Now more than ever, organisations of all types and sizes are adopting analytics for insights to better decision making.
However, unless adoption is backed by the right strategy, the outcome won’t necessarily deliver the advantages sought.
The strategy challenge starts with managements being able to clearly articulate what they want to achieve.
Without that clarity, organisations risk development outcomes that will be delayed, over-budget, incomplete, miss the right areas, or turn out to be not much better than experience-based gut-feel.
In addition to clearly knowing what they want to achieve, organisations must be confident they can deploy the resources required for successful adoption; that, while the project is underway, it won’t adversely impact day-to-day operations; and that the end objective is realistic.
It’s all too easy to get things wrong by being overly ambitious.
There are three core issues to be considered at the outset.
Take analytics adoption one step at a time:
When organisations recognise they are missing opportunities without analytics, there is an understandable tendency to want to hurry and play catch-up. This is a big mistake.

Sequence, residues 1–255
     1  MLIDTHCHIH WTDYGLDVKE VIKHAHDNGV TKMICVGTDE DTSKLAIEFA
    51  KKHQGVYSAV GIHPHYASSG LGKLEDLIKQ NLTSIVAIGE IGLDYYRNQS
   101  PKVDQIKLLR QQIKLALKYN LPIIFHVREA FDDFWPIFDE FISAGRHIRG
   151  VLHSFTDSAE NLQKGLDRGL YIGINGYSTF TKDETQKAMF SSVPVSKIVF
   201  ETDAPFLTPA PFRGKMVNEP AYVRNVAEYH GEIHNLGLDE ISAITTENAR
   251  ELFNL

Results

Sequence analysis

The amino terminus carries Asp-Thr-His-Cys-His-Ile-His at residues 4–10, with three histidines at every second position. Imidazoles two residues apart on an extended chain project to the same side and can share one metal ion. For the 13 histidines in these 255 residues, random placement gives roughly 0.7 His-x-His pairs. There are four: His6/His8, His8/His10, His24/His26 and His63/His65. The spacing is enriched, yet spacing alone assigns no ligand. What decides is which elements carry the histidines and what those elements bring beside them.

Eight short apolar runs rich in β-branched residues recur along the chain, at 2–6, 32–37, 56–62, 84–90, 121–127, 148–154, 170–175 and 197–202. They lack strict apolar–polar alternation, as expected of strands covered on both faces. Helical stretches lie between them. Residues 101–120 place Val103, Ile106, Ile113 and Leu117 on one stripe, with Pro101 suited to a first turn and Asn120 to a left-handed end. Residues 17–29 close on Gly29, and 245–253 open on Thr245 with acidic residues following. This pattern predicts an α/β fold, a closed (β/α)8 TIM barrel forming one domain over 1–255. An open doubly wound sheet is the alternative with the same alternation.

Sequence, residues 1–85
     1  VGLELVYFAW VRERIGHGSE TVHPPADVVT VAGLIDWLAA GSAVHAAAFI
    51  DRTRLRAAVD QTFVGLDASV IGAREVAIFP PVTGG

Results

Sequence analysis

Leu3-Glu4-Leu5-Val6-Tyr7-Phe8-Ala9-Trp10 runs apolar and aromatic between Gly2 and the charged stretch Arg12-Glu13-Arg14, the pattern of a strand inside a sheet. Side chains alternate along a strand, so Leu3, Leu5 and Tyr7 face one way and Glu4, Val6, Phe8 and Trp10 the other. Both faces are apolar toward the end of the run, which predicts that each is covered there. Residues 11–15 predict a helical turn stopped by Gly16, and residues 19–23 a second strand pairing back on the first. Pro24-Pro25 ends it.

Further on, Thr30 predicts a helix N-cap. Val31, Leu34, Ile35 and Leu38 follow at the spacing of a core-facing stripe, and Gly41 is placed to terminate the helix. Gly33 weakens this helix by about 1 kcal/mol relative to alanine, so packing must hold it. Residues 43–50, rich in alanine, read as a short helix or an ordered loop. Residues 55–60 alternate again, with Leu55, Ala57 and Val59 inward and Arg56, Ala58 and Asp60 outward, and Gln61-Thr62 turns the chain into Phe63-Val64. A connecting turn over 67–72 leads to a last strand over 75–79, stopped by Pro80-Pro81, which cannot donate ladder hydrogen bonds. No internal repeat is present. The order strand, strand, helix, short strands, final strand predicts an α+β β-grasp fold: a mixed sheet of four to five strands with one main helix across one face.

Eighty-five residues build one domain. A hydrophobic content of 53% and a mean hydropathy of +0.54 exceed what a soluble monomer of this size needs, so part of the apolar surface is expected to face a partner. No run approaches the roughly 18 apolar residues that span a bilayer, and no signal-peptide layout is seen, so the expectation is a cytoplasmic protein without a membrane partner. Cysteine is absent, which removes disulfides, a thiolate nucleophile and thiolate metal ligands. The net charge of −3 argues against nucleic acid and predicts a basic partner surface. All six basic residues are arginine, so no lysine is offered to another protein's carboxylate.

Being late is much less of a problem than aiming for a level of analytics sophistication that can be attained in small, manageable steps over time. A far better approach is to start with modest objectives and then build incrementally from a solid foundation.
Avoid the temptation to seek the added benefits of advanced business analytics before bedding down an initial implementation.
Less capable but equally robust analytics levels can still produce good and reliable business outcomes to get the organisation into the game.
Going for broke at the outset is high risk for both the organisation and the individual managers involved. Statistically, the odds will be against them and the return might be no better than money back.
Design the strategy for an analytics outcome that can actually be used:
It is not uncommon for analytics late-starters to strategise for functionality they won’t be able to take advantage of in the nearer term.
As with addressing analytics capabilities one step at a time, implementers should concentrate first on analyses outcomes to support functionality for operations that are already mature.
There is no point in designing real-time time functionality for organisational processes that will be unable to take full advantage of it; or indeed, to support organisational change that is yet to happen.